During the previous year, Bush had also taken another step to hide his past: On March 31, 1995, George and Laura Bush were given new driver’s license numbers; Bush’s was #000000005. Bush was born on July 6, 1946, and his license was not near expiration. The reason given for the change was “security,” but there was no precedent for Texas governors doing this. The change destroyed the records of his previous license, which would have detailed any arrests. This bears on the many rumors that Bush was also caught DUI in Texas, which would in turn explain why Bush mysteriously performed community service, for Project P.U.L.L., an inner city Houston program for troubled youths, from 1972. There may yet be other arrests we still do not know about.

And when the arrest came out in public, did Bush take full personal responsibility, as he likes to claim that he does?

Heck, no. He lied some more, of course. He started by claiming, “I have always been honest with the American people.” Uh, yeah, right. He then turned on the person who released the information, calling it a “dirty trick.” The timing of the announcement may have been (albeit a very clumsy “dirty trick”), but the DUI arrest was not. And he even tried a bit of revisionism, claiming that he was not pulled over because of his erratic driving, but rather because he “was driving too slowly.” Makes it sound less damaging that way–but nonetheless is just still another lie.

And how did Bush take full personal responsibility for lying to the American people about it for so long? He used his daughters as a publicity shield. He said he wanted “to be a good role model for his daughters.” Which, of course, is bogus, because any good parent, especially when it comes to alcoholism, knows that the best way to deal with such things with your children is to be honest and up-front. Of course, this course of action might explain why these same daughters have been repeatedly arrested for underage drinking. It might give Bush an excuse for lying to the people, but it also makes him a bad father.

This is the person we have leading our country, sending our young men and women to die in battle, making decisions that will affect this nation’s prosperity and security for decades to come.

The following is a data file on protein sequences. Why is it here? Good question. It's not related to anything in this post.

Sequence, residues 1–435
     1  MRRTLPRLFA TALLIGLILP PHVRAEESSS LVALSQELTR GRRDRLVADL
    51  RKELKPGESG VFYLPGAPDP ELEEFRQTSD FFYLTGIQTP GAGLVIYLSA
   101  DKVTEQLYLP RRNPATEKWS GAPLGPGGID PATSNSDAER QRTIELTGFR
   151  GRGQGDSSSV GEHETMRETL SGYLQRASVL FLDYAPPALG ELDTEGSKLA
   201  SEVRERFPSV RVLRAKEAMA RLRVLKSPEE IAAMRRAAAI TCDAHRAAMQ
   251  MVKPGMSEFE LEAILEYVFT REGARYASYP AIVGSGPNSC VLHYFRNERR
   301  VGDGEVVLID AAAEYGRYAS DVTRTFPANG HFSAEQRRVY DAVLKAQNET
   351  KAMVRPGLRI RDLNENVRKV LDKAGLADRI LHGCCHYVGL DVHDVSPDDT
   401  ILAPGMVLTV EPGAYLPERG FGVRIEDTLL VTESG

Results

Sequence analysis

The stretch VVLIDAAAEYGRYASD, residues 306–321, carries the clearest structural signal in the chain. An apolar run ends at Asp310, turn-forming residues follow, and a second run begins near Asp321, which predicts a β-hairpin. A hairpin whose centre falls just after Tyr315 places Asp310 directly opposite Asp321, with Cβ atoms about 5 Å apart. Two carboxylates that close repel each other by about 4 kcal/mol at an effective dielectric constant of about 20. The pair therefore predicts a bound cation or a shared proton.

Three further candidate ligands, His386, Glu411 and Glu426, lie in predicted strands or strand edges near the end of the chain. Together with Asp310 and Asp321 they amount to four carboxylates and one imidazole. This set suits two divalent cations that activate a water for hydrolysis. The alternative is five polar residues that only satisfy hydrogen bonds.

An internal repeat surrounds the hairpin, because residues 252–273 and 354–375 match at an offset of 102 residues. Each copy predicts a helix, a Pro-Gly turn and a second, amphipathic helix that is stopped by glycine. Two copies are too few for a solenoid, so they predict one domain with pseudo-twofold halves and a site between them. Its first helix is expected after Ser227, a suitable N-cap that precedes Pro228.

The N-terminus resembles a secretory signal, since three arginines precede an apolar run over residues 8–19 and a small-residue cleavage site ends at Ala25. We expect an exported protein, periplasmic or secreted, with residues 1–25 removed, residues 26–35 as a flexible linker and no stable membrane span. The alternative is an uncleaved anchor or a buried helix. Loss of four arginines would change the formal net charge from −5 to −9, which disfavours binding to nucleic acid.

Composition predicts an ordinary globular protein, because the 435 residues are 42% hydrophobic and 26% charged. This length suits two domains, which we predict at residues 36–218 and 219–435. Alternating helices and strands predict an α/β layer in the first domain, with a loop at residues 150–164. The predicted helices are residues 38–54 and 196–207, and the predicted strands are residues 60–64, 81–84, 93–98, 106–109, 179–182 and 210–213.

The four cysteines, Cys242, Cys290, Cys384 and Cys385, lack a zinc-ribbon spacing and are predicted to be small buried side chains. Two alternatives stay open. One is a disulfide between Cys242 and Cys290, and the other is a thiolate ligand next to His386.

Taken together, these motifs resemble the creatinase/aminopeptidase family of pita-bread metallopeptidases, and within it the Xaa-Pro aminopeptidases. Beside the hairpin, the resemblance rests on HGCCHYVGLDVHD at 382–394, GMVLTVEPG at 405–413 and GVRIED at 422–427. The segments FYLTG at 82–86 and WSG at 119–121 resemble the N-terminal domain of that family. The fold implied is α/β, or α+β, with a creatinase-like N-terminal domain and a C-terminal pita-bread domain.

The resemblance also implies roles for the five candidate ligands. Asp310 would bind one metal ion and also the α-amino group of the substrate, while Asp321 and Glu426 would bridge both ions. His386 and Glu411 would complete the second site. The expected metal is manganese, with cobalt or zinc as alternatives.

Note: Dick Cheney, vice president of the United States, was arrested on DUI charges twice.
Categories: Bush and Character Tags: by
  1. breathalyzers
    November 16th, 2003 at 11:00 | #1

    Was he driving drunk? If he was he should go to jail!


  2. phil
    December 23rd, 2003 at 05:26 | #2

    Bush is one messed up gut lol. I think it’s funny how people believe he is the most fit man in america to run the country. Think about everyone you met, don’t you think there are alot smarter people then bush. Hell I met stronger lunch meat!

    Oh yea, by the way, I?m no longer focusing my efforts on my breathalyzer site. Instead I turned my company into a nice informative non-profit site. You can get all kinds of stats and resources on drinking and driving and learn some interesting things about alcohol.

    One thing that I thought was hilarious was this quote from Abraham Lincoln, 16th President of the U.S., observed that ?It has long been recognized that the problems with alcohol elate not to the use of a bad thing, but to the abuse of a good thing.?

    Editor’s note: This comment is rather obviously spam, and though I am keeping the message as an example of elaborate blog comment spam, I have removed all links, trade names, and email addresses.

  3. phil
    February 3rd, 2004 at 03:44 | #3

    Um hate to break it to you chief but it’s not spam… You show me what spammer that would spend that much time on each comment… I do go around and look for blogs about drinking and driving and I always read EVERY post and leave a message about the subject at hand so that’s really not spam…

    It took me like 15 minutes or so to write that and if I spent 15 minutes on every spam then I wouldn’t be a effective spammer.

    Anywho thatnks for leaving the post up and I could care less if you took the links out, just trying to get my company name out there while I leave UNIQUE comments.

  4. Luis
    February 3rd, 2004 at 07:30 | #4

    Sorry, Phil, but when a message is laden with links and email to a site where a commercial product is sold, then it’s spam. Elaborate or not, unique or not, an advertisement is an advertisement, and I don’t allow people do advertise here on my nickel.

  5. notmini
    February 5th, 2008 at 00:04 | #5

    I would recommend Alcohol rehab not only to Cheney but to all drunken drivers. Why would a normal person get jail for this but Cheney goes freely back into the world? Where’s that “we’re all equal” law?